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Generational Theft?

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The Republican response to President Obama's stimulus package and budget proposals have been nothing but predictable. They warn us that we are about to "saddle our children and grandchildren with debt," debt so profound that it amounts to "generational theft."

The president and a number of commentators were certainly correct to note that this attack dripped with irony, as it followed eight years of massive Republican budget deficits. But in leaving it at that, the Democrats seem to be conceding the fact that government debt is always bad. That's simply not true, but it seems to follow a dance every Washington politician seems forced to follow. We need to stop the music on that dance, right now.

First, right now, debt is required. There seems to be a breathtaking consensus among economists that government debt is necessary now, because only government can create the kind of demand that will open the spigots clogged with cash hoarded by nervous banks and investors. A bank is afraid to make a loan to a steel company that would like to modernize and fire up a steel mill, if there are no orders for steel. If the steel company comes to the bank with a government contract for girders for overpasses on the interstate, the bank will loan the money, the mill will light up, workers will get paychecks, and they will spend at the local stores and groceries. Those stores and groceries will hire workers, buy goods from suppliers, who in turn will hire workers and buy goods. All this will flow from building things we actually need.

But there is another reason that this kind of debt is not "generational theft": Unlike the run-up of government debt over the last eight years, the Obama plan is to spend money on things that will actually benefit the next generation. If we borrow money like the Bush Administration did, and in the end you have nothing to pass on to the next generation except for new bridges and schools in Baghdad badly built by a Halliburton subsidiary, that's generational theft. If, on the other hand, we build schools, bridges, power grids and infrastructure here in the United States, we are creating wealth and the means of more production that our children and grandchildren will actually use. If we borrow money to repair parts of the federal interstate system so that bridges don't fall down when our children and grandchildren drive over them, that's not generational theft. If we borrow money to shore up the levees and wetlands that would protect the next generations of New Orleans-ers, that's not generational theft. Indeed, in that case, it would be carrying out a solemn promise made by George W. Bush as he stood by a floodlit Jackson Square.

As I wrote in this column last October 13, "it is not unfair to 'saddle our grandchildren with debt' if it is to help pay for assets that enhance the quality of life long after we are gone. It is only unfair to ask them to pay for us to party now." That is why that wild-eyed liberal Dwight Eisenhower actually proposed separate budgets for operating and capital. Operating budgets would be pay-as-you-go. Capital budgets that provide for the creation of assets that will be enjoyed for generations to come should be paid for over time. That is good, responsible, conservative, grownup budgeting.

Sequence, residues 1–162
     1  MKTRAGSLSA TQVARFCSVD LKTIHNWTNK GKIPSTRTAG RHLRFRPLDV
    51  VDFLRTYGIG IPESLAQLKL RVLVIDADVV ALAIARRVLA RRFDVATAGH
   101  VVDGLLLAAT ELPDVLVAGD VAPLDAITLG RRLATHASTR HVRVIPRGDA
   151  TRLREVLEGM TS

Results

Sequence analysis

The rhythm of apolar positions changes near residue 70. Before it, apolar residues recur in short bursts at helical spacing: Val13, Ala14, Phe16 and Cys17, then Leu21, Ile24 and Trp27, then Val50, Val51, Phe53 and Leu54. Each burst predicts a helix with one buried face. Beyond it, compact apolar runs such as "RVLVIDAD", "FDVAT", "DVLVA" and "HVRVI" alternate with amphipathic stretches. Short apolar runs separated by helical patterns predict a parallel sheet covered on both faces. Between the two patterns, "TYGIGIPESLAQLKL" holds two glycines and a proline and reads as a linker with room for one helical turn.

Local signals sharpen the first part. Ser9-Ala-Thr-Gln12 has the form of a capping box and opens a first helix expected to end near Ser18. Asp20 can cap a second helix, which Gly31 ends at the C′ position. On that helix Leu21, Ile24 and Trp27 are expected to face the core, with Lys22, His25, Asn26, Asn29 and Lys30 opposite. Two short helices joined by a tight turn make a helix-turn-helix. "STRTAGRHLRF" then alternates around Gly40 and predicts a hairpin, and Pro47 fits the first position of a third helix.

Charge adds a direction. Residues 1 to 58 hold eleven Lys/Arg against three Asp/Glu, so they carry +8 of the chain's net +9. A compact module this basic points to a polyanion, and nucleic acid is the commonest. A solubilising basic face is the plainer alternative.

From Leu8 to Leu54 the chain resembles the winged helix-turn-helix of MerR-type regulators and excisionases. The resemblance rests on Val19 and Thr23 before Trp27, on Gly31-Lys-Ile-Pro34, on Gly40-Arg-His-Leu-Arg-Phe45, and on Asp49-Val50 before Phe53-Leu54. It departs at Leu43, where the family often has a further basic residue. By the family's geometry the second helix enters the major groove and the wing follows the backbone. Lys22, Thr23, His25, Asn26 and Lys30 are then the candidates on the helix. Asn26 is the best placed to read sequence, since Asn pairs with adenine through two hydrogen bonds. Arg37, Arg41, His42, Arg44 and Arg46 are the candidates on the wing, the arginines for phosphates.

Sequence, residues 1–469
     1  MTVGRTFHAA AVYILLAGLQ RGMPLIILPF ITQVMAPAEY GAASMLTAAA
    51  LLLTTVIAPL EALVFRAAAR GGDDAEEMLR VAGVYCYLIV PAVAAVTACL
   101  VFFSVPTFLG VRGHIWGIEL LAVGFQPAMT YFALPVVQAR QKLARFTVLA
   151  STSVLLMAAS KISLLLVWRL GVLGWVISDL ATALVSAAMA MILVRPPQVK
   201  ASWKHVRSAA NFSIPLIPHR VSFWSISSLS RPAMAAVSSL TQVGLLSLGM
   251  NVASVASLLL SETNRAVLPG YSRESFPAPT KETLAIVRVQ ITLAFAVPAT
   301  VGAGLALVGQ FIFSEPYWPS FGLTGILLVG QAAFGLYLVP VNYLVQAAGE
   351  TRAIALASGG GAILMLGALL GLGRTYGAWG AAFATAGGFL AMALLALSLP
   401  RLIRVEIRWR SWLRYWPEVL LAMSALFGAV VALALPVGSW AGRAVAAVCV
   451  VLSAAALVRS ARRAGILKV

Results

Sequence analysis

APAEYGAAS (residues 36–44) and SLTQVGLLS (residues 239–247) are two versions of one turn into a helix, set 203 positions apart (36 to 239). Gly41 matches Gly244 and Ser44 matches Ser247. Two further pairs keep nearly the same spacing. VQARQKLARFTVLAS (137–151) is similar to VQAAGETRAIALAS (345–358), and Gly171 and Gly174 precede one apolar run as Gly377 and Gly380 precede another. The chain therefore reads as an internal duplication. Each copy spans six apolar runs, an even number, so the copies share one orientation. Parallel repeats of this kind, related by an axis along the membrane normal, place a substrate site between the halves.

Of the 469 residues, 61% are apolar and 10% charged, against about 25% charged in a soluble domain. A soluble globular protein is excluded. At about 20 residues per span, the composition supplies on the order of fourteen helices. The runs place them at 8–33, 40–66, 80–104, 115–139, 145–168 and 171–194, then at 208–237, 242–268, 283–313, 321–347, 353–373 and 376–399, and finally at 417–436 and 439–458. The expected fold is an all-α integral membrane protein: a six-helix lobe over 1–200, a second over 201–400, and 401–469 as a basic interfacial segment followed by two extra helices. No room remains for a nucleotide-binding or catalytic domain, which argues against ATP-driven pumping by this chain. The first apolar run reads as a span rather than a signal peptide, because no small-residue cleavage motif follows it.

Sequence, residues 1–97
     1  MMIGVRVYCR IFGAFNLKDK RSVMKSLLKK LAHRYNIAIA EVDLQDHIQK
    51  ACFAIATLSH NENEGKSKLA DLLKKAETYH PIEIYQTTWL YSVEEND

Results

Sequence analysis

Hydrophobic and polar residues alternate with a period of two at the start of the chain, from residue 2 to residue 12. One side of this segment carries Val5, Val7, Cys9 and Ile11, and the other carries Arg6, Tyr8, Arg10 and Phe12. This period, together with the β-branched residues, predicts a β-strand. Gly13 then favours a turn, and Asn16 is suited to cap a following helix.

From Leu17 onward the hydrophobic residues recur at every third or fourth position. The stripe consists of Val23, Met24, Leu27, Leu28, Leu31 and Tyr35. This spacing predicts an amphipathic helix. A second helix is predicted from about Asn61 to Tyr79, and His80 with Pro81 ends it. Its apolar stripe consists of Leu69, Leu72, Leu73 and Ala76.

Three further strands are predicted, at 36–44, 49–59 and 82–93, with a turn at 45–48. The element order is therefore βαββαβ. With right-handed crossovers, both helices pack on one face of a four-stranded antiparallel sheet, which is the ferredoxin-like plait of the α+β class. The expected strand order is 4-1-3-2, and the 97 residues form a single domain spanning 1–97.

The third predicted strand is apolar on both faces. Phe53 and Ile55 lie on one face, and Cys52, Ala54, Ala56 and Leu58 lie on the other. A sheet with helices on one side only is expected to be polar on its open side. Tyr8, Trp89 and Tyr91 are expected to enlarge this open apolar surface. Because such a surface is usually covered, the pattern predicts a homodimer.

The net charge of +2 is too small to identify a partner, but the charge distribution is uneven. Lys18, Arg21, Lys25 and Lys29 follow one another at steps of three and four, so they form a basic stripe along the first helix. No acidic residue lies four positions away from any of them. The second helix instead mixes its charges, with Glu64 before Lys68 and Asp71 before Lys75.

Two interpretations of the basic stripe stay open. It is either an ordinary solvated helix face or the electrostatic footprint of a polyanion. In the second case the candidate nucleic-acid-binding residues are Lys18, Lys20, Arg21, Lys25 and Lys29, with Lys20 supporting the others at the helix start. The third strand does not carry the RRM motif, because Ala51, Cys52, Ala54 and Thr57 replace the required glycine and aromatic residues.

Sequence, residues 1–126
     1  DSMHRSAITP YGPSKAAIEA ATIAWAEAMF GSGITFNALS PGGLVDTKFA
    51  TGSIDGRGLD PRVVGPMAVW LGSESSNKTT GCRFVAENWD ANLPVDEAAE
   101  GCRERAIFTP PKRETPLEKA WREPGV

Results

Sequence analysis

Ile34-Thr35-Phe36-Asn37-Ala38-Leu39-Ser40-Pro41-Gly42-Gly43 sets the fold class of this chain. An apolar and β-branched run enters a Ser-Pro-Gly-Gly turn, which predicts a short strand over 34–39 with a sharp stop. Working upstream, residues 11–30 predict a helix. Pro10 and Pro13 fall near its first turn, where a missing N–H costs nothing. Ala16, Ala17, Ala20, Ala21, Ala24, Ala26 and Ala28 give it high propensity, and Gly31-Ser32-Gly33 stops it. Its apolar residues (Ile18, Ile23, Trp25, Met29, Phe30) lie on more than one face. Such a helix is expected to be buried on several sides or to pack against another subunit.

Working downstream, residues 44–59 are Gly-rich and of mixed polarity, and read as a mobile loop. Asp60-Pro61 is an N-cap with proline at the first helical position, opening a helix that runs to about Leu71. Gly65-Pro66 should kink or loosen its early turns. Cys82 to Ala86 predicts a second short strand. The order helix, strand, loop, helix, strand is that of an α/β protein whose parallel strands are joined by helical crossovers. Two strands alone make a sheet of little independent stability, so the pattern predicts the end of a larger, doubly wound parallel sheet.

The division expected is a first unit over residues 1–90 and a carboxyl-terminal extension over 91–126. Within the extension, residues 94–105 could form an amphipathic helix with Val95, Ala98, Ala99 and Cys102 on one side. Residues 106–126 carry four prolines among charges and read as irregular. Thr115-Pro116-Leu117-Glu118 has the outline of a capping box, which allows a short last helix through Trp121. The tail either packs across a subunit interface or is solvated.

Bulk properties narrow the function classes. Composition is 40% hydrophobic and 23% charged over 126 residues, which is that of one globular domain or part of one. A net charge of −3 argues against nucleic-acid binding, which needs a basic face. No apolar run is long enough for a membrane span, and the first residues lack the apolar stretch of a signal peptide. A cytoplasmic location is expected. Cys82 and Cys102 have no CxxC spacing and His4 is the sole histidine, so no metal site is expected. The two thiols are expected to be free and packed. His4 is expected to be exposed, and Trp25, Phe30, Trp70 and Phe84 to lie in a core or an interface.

It's instructive to note the bipartisan buzz-saw President Eisenhower ran into when he had the temerity to suggest that his bold plan for an interstate highway system (which he knew was necessary after comparing our nation's roads to the German autobahn) should be considered a "capital investment" paid for by a separate bond issue. Eisenhower, of course, was attacked from the right and the left, because it was easy for politicians to impersonate grownups and insist that government "live within its means".

While the Obama Administration is not calling for the issuance of separate bond issues to finance investments in infrastructure, energy, health care reform and education, that certainly could be justified. The beauty of Obama's budget plan is that it is targeted to spend money on projects that will produce not only jobs in the short term, but efficiencies in the long-term. On infrastructure, the goal is to have a transportation grid that gets the next generation of workers and goods to their destinations more efficiently. On energy, the goal is not only to employ renewable sources of energy that won't choke us to death, but to address the fact that a huge percentage of the energy we already create is wasted in our grid. On health care, a trip to the doctor's office dramatically displays the waste in our system: you'll see dozens of workers dressed in scrubs who don't actually administer health care; rather, they spend their day negotiating with insurance companies. Our wildly inefficient and expensive health care system is choking American industry: that is why the chambers of commerce and the unions both favor reform for the next generation of families. Finally, on education, the plan is to spend money on the infrastructure that won't just create construction jobs now, but will create 21st century classrooms and teaching environments that will hopefully return our competitive edge.

Just like Eisenhower's interstate highway system, the capital projects coming out of the stimulus plan and the Obama budgets are designed to create long-term wealth, and assets that will enure to the benefit of the next generation and the generation after that. The Administration seems to understand that it will be held accountable to carry out that promise. To the degree that effort is successful, that's not "generational theft." That is long-term investment.